Humanitarian Bulletin Somalia, February 2016 | Issued on 19 February 2016

Situation Report
Originally published
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  • Partners respond to drought

  • Food security assessment reveals dire situation

  • Finding durable solutions for IDPs remain urgent.

Drought in Puntland, Somaliland

Parts of Puntland and Somaliland continue to experience severe drought conditions which have affected hundreds of thousands of people. These conditions are as a result of failed two consecutive rainy seasons especially in the western part of Somaliland. Bari and Nugaal in Puntland and Awdal, Sanaag, Sool and Woqooyi Galbeed in Somaliland are the most affected areas.

The situation is expected to worsen in the coming months owing to the depletion of available water resources in affected areas, according to the Somalia Water and Land Information Management (SWALIM). The next rainy season is expected to start in April.

Authorities in Somaliland and Puntland declared drought and have issued appeals for assistance to an estimated 385,000 people. Funding is needed urgently, as the intensifying drought in Puntland and Somaliland may see many people relapse into crisis. In hard hit areas such as Awdal, Global Acute Malnutrition rates have doubled to 18 per cent. The risk of disease and death related to malnutrition remains high in areas with poor health conditions. Nearly 74,750 and 23,000 children under age 5 in Somaliland and Puntland respectively are acutely malnourished, according to the Nutrition Cluster. The worst affected areas are Bari and Nugaal in Puntland and Awdal, Togdheer, Sool, Sanaag and Woqooyi Galbeed regions in Somaliland.

The depletion of water resources and pasture have triggered livestock migration and increased competition among pastoralists. This is particularly so in southern parts of Awdal and Woqooyi Galbeed regions (in Northwest Agro-pastoral livelihood zone) and in parts of Bari, Nugaal, Sanaag and Sool regions. In general, pasture conditions are very poor throughout northern Somalia with the exception of southern parts of Togdheer and Sool regions (Guban pastoral areas) that recorded relatively good rains towards the end of the previous Dyer season, according to SWALIM. The majority of the people in these areas depend on livestock.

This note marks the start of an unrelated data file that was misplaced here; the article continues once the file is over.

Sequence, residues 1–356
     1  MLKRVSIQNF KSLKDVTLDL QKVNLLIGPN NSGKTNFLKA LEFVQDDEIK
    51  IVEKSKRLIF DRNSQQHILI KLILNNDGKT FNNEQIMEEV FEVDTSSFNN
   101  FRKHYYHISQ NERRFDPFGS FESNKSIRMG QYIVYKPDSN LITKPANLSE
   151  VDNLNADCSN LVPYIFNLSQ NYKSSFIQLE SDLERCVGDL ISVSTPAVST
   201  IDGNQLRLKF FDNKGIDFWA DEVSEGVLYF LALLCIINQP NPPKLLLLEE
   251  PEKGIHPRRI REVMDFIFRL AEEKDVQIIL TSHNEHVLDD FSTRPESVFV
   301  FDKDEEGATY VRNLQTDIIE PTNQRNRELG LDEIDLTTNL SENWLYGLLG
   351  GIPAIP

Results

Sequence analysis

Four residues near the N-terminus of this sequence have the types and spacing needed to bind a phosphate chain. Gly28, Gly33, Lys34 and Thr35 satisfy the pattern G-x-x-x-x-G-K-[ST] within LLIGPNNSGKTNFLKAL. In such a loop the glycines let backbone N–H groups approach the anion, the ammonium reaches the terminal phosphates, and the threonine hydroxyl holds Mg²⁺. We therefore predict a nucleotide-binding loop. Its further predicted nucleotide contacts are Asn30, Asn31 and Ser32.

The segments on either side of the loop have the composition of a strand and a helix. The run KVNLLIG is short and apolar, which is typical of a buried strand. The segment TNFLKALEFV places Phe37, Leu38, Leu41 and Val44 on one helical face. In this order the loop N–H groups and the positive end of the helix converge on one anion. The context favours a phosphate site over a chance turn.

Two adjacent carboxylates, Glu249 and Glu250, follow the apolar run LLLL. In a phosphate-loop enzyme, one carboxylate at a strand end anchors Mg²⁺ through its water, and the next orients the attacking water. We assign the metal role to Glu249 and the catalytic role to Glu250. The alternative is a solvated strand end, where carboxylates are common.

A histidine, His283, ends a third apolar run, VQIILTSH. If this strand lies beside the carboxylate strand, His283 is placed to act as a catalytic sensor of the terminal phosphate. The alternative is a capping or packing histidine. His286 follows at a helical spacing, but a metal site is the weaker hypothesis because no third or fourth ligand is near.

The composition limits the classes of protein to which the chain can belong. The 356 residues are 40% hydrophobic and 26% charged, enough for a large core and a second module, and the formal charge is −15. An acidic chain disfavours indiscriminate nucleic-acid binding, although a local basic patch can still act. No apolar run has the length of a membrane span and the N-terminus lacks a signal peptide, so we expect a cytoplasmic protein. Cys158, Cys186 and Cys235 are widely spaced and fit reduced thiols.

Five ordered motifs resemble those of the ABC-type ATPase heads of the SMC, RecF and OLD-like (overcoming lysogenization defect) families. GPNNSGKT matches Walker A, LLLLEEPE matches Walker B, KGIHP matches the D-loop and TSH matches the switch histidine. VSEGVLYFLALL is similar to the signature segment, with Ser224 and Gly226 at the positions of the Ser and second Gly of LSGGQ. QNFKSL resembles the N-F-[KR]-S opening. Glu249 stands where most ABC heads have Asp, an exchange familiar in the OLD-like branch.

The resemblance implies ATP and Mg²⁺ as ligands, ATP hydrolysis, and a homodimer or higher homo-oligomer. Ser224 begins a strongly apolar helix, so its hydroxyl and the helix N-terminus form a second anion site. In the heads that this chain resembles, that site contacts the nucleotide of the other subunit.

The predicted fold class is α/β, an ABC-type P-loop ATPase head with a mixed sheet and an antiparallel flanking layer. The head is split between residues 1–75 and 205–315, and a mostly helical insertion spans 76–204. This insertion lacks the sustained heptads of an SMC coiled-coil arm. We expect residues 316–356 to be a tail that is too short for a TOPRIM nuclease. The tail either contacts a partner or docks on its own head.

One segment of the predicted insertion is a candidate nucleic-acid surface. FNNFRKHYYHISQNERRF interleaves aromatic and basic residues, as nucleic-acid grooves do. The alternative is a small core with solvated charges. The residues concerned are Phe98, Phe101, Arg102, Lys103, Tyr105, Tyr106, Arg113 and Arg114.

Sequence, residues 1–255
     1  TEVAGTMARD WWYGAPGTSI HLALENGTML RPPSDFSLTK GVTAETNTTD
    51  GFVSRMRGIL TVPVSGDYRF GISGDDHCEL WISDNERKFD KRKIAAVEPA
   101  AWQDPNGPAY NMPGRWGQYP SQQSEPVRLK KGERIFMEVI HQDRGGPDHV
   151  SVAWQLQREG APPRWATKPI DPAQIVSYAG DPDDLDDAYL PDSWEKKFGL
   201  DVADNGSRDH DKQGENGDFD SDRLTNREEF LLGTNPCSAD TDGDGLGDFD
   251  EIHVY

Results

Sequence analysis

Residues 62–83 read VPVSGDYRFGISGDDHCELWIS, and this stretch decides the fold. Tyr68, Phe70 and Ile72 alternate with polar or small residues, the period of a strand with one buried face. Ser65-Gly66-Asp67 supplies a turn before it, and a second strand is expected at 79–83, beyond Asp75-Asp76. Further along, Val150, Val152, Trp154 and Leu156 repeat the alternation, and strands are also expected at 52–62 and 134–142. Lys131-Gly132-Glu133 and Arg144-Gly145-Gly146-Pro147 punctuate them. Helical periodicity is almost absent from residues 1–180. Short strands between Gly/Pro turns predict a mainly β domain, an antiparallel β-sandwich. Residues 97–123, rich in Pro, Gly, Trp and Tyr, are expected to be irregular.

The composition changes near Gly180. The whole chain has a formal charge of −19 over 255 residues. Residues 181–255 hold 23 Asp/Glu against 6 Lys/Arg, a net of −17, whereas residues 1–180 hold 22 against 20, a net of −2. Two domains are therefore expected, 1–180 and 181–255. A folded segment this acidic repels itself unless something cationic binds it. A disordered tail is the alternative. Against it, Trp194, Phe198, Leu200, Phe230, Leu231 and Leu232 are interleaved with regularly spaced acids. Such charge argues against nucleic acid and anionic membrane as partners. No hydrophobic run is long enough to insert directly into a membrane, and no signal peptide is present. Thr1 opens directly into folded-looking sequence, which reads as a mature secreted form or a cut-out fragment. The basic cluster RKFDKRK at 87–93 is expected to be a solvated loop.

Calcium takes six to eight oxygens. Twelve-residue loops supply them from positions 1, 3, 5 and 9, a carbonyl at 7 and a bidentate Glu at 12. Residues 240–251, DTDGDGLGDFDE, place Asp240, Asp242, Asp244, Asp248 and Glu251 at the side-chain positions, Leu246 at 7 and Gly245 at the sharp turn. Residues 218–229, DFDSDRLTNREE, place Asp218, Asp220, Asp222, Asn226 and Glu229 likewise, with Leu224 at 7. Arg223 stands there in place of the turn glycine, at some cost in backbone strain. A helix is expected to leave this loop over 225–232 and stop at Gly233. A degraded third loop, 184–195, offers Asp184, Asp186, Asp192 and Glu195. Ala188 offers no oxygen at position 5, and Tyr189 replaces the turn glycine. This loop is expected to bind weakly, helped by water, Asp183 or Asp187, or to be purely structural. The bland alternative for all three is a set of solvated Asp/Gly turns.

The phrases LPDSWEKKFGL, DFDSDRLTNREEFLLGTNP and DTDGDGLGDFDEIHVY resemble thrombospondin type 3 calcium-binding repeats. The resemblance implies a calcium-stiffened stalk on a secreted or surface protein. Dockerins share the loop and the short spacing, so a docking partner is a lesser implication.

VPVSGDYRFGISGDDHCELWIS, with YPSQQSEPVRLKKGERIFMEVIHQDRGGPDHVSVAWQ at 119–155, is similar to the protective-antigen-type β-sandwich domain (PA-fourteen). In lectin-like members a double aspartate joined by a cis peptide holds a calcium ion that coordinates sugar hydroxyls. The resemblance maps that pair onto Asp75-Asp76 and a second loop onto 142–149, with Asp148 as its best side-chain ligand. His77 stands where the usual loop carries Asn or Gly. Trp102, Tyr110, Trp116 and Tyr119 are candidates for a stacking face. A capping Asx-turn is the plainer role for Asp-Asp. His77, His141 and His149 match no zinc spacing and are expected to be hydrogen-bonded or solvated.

A large number of people and their livestock have already left the worst drought-affected areas for places such as the Hawd and Guban Pastoral Livelihood Zones along the coast of Awdal and Woqooyi Galbeed regions. These areas have relatively better pasture and water. Those who stayed behind, in many cases, are forced to stay because they lack the cash to move their animals and are in serious need of assistance.

Partners respond to drought-affected people

Humanitarian partners are providing critical life-saving assistance to the most vulnerable. However, response is hampered by lack of resources to avert further deterioration of the situation.

In Awdal in Somaliland, partners are providing cash to the most affected families. In Puntland, partners have reached an estimated 360,000 people with water trucking in the most affected districts and villages. Four boreholes have been rehabilitated in the drought-affected areas in the region, while rehabilitation of additional boreholes is ongoing in both Puntland and Somaliland. Health partners are also supporting health facilities including Outpatient Therapeutic and Stabilization Centres in Somaliland and Puntland to ensure access to primary health care services and the treatment of severely malnourished children. Additionally, some 17 integrated health and nutrition mobile teams have been deployed in Somaliland and six others in Puntland.

Food security partners are providing support to 60,000 vulnerable families including providing in-kind food assistance in areas where markets are not functioning in Somaliland. Nutrition support to prevent and treat malnutrition among pregnant women, lactating mothers and young children in Puntland is also ongoing. Nutrition programmes targeting about 87,000 malnourished children, pregnant and lactating mothers are ongoing in the affected areas in Bari, Nugal, Sanaag and Sool regions. Food security partners have provided meals to some 36,000 school going children in the affected areas.
An estimated 30,000 people have also been reached with cash transfers and cash-forwork activities. WASH partners have rehabilitated five berkeds and five shallow wells to benefit an estimated 54,000 people in Bari region. Boreholes have also been rehabilitated in Bari, Karkaar, Mudug, Sanaag and Sool regions benefiting some 102,000 people.

Timely funding is needed if humanitarian partners are to effectively address the needs of the most vulnerable. To date, the 2016 Humanitarian Response Plan for Somalia, has received US$9.6 million or 1 per cent of the $885 million requested. A Concept Note has also been developed and submitted to the Central Emergency Response Fund seeking additional resources to respond to the drought in Puntland and Somaliland.

UN Office for the Coordination of Humanitarian Affairs
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